Late last summer Michael Daly returned to Germany for the first time since World War II. At 58 he was slender with serious gray eyes. He had been invited by the young Commander of Company A, 15th Infantry, 3rd Infantry Division, his old outfit, “to boost morale.” They gave him the Audie Murphy Suite, but he woke before daylight, uncertain whether he had slept at all. “Faces came hack to me,” he said. He dressed quickly and walked across the parade grounds to a small Memorial Park where plaques were set in boulders. He stood there alone watching the sun streak the sky until he could hear faint stirrings in the distant barracks. He was remembering, fighting against forgetting, fearing that if the memories dimmed he would become a stranger to himself.
He gave a speech at an officers’ banquet. He was asked to wear his blue embossed Medal and he did. He had always wanted to give a speech like this, to soldiers: so often the speeches he gave at home seemed not really understood. No speech he had given before, he felt, would mean as much as this one. He spoke about the infantry and the men he had lost, and at times his voice cracked. Towards the end he quoted the Antarctic explorer Captain Scott who wrote to his son from his deathbed, “Courage is the thing. Everything goes if courage goes.” As he finished the men stood and applauded.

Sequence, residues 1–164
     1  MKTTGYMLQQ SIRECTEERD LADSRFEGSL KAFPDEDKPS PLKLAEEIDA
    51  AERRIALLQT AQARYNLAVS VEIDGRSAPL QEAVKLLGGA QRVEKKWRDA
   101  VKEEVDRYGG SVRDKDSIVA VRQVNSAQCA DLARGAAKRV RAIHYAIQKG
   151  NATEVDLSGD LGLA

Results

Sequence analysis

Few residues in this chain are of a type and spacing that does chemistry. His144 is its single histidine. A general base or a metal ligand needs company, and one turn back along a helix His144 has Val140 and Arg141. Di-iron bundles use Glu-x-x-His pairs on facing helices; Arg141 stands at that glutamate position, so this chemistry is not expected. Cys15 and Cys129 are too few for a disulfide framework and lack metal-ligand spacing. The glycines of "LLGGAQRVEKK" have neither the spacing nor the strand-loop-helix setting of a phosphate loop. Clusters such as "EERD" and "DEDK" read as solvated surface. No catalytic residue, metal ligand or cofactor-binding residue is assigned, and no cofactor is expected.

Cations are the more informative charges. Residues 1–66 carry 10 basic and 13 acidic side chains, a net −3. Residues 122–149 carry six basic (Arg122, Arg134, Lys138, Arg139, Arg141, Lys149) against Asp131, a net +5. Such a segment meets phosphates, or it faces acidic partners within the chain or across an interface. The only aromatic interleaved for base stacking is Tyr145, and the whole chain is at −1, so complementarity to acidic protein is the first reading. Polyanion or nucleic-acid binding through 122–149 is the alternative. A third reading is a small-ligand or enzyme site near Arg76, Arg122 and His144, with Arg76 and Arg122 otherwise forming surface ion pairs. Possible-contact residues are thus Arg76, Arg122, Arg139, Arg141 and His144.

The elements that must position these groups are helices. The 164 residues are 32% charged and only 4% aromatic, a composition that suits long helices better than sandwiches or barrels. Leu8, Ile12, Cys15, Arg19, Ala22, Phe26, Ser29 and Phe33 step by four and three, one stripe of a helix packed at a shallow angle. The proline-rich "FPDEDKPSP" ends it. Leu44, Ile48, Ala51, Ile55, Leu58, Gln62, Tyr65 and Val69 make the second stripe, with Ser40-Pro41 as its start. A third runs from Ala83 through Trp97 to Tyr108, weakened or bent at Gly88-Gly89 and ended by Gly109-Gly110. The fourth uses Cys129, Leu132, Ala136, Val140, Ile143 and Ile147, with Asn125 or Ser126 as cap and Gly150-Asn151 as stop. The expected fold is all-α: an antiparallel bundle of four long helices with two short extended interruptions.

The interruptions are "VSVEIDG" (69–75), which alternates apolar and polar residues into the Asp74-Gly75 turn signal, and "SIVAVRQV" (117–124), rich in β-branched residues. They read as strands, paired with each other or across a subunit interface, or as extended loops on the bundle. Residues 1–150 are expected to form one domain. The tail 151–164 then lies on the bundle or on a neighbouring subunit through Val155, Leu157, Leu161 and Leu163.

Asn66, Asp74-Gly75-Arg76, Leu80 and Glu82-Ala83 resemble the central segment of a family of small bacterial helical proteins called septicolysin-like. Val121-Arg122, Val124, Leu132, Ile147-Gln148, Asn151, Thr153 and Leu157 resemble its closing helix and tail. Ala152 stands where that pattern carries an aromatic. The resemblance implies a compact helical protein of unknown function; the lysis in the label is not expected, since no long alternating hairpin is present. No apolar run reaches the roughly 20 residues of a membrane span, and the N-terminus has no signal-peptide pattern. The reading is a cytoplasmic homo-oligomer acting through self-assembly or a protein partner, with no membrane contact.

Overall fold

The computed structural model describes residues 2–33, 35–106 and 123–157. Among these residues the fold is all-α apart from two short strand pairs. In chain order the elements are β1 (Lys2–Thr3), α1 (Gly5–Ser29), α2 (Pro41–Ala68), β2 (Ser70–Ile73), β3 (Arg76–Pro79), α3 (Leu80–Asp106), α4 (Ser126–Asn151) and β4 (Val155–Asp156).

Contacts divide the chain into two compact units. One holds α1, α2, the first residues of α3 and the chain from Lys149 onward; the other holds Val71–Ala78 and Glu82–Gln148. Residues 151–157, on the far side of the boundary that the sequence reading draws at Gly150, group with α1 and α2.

“Remember us,” he told them, “as long as you can.”